Taliban Murders Brother of Afghanistan’s Constitutional President

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In this photograph taken on September 6, 2021 a burnt down Humvee is seen along a road in Dashtak, Panjshir Province after the Taliban claimed total control over Afghanistan. Reports have confirmed the Taliban executed Rohullah Azizi, brother of Afghanistan’s 2004 Constitutional President and National Resistance Front member, Amrullah Saleh.
In this photograph taken on September 6, 2021 a burnt down Humvee is seen along a road in Dashtak, Panjshir Province after the Taliban claimed total control over Afghanistan. Reports have confirmed the Taliban executed Rohullah Azizi, brother of Afghanistan’s 2004 Constitutional President and National Resistance Front member, Amrullah Saleh. (Image: AFP via Getty Images)

Members of the Taliban Islamic extremist terrorist group have executed the brother of the man who has declared himself the rightful President of Afghanistan under the country’s 2004 Constitution. 

The news was reported by Reuters in a Sept. 10 article where Ebadullah Saleh, son of Amrullah Saleh, told the outlet via text that the Taliban had executed his uncle Rohullah Azizi.

“They killed him yesterday and would not let us bury him. They kept saying his body should rot,” said Ebadullah. 

The news was corroborated by Reuters through a news report in the Taliban’s Urdu-language propaganda outlet Alemarah that said Rohullah was killed fighting in Panjshir. 

Amrullah Saleh was formerly Vice President of Pakistan, serving under Ashraf Ghani, a President who suddenly defected to the United Arab Emirates, leading to the fateful takeover of the country on Aug. 15. Ghani had informed U.S. President Joe Biden the country was under a full-scale Taliban assault with Pakistani support in July. 

Saleh, who did not flee the country, declared himself Afghanistan’s rightful President on Aug. 17. Saleh has also said that not only is ISIS-K, the organization which took responsibility for the Kabul Airport suicide bombing that killed 13 U.S. soldiers, merely an arm of the Taliban, and not only that Washington ordered Ghani’s administration to release of thousands of ISIS-K members, but that the plot to bomb the Airport was known for days in advance.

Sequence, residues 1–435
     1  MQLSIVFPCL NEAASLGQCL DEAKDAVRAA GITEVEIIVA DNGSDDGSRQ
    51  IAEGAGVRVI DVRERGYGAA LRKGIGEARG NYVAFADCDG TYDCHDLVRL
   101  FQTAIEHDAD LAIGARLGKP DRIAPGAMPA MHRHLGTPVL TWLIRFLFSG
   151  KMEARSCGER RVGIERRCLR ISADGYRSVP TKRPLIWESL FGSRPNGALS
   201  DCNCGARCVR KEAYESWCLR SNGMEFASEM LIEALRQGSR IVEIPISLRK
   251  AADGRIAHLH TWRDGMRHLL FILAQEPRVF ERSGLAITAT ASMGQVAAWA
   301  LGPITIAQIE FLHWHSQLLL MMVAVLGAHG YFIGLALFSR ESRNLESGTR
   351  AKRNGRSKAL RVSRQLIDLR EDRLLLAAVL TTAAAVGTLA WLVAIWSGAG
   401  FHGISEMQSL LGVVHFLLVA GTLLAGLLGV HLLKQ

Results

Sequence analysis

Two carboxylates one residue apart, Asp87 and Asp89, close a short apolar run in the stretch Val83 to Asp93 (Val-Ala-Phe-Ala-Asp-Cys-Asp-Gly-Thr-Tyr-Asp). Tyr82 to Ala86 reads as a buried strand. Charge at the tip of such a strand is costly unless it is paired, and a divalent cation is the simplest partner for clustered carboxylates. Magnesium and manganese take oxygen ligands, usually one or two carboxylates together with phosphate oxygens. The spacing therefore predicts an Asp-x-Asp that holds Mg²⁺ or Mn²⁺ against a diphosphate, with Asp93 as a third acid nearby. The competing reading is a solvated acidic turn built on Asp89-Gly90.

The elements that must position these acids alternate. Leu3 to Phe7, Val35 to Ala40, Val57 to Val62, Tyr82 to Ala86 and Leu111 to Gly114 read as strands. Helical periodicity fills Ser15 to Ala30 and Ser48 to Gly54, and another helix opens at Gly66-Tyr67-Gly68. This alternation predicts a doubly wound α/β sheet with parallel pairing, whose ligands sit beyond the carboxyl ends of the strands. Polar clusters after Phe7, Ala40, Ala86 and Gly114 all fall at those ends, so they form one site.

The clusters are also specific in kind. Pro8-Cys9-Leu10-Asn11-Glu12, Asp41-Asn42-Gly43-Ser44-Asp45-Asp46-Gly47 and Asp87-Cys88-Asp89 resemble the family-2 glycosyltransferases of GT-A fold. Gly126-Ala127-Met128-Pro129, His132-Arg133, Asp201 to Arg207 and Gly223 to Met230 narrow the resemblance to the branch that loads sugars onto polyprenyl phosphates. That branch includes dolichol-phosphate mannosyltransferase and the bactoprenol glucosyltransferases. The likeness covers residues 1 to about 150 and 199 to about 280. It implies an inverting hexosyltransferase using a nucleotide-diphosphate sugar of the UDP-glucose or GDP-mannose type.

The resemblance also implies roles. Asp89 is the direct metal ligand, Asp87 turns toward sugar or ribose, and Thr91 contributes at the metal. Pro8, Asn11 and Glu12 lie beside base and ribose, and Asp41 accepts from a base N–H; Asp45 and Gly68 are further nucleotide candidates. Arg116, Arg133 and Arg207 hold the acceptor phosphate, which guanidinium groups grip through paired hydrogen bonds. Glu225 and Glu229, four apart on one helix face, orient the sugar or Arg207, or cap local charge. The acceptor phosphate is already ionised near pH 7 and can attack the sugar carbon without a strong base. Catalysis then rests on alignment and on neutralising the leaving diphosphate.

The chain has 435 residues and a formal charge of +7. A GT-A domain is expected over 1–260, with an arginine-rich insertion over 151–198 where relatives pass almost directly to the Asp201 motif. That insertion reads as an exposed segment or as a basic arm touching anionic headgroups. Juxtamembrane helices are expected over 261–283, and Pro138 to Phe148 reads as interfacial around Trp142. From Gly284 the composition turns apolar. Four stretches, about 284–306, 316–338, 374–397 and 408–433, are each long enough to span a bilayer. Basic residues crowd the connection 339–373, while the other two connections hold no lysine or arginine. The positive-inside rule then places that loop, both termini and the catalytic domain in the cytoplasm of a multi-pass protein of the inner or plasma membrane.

On Sept. 3, Saleh gave an interview with CNN’s News18 where he said he and the National Resistance Front were in Panjshir, declaring the Taliban’s claim to have taken the valley “absolutely baseless.”

“We are managing the situation. Of course, it’s a difficult situation. We are under the invasion of the Taliban and Pakistanis and Al Qaeda and other terrorist groups. We have held the ground, we have not lost territory.”

Sept. 3 was also the last time Saleh’s Twitter account made a post, “Resistance is the nom de guerre of everyone here. RESISTANCE,” he said.

According to News18, the Taliban had “cut off telephone and internet services in the area to stop internal communication” in Panjshir to silence Saleh and the NRF, “The Taliban wants to stop former Vice President Amrullah Salleh from creating any form of awareness against the militant group or talk about a nexus between the Taliban and Haqqani network in the devastating Kabul airport blast that took place Thursday.”

The article continued, “The sources had revealed that the Taliban feel Amrullah’s knowledge may supersede intelligence information as he was in the government, adding that the group also believes attacking Panjshir would be easier in the lack of communication in the valley.”

On Sept. 10, English language reports on Twitter emerged showing the Taliban had begun circulating a propaganda photo showing a member sitting in the same library where Saleh published his last video statement to the world. 

Saleh has said the Taliban is a proxy for Pakistan, while the Haqqani Network, another militant extremist terrorism organization, which has roots in Pakistan, has openly admitted it is one and the same as the Taliban.

The connection to Pakistan is significant because the country is a signatory to the Chinese Communist Party’s Belt and Road Initiative (BRI) infrastructure and debt trap project. Last week, U.S. News cited an anonymous source that said the CCP is looking to put its roots down in Bagram Airfield, a strategic point abandoned by the U.S. military on July 1. 

Director of the China program at the Stimson Center, Yun Sun, told the outlet China was likely to utilize Pakistan to deploy units and supplies to Bagram if the Taliban were to request support.

The Taliban has said it is eager to join the CCP’s BRI project, calling China its “most important partner.”

  • Neil lives in Canada and writes about society and politics.